Structure in General
- Named for James Graham Fair (1831-1894), a mining magnate and U.S. senator from Nevada, by his daughters Tessie and Virginia who built the hotel as a monument to their father.
- Shortly before the 1906 fire on April 6th, the property was sold to Herbert and Hartland Law, makers of a popular patent medicine. The brothers were planning a gala grand opening in the Fall.
- The 600-room hotel, designed by the Reid Brothers, was close to completion when badly damaged by the 1906 earthquake. Even though experts believed the building should be demolished, Julia Morgan was commissioned to restore the structure, primarily the interior which was gutted by fire.
- Insurance company records show the degree of destruction: Columns covered with wire lath and plaster were generally defective. Thirty-seven such buckled and a portion of the floors settled down about seven feet from normal position.
- The hotel opened April 18, 1907, exactly one year - to the day - after the devastating fire.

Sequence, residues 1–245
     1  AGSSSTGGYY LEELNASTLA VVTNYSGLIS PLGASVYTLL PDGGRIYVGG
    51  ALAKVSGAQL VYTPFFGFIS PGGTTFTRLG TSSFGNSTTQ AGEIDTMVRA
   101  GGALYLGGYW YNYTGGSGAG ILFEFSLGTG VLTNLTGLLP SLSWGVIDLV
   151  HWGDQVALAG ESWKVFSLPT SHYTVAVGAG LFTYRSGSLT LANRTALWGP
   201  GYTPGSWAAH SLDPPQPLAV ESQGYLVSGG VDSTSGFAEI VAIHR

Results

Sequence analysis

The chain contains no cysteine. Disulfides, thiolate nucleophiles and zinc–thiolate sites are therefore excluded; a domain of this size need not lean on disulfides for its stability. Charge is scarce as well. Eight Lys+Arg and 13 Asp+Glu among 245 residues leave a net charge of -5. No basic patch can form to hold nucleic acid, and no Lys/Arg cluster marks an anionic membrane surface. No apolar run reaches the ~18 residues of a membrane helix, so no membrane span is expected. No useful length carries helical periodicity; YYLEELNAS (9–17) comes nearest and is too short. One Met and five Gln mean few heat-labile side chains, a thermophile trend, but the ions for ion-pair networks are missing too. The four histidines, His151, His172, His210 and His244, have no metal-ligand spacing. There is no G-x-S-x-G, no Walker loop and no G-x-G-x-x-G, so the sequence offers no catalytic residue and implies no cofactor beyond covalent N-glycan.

- In May 1908, the hotel was bought back by Tessie Fair, following the death of her husband, which she subsequently sold to hotel manager D.M. Linnard in 1924.
- In 1929, the hotel was sold to George Smith, a mining engineer who had just completed the Mark Hopkins Hotel, who then fully renovated the property.
- In 1941, D.M. Linnard repurchased the hotel.
- Purchased in 1945 by San Franciscan Benjamin H. Swig, the first property in the luxury Fairmont chain.
- Listed with the National Register of Historic Places on April 17, 2002.
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950 Mason Street
950 Mason Street
Also recorded for this building:
landscape architect, tenant, consultant
Features & Amenities
- One of the city's famous buildings
- City landmark
- National landmark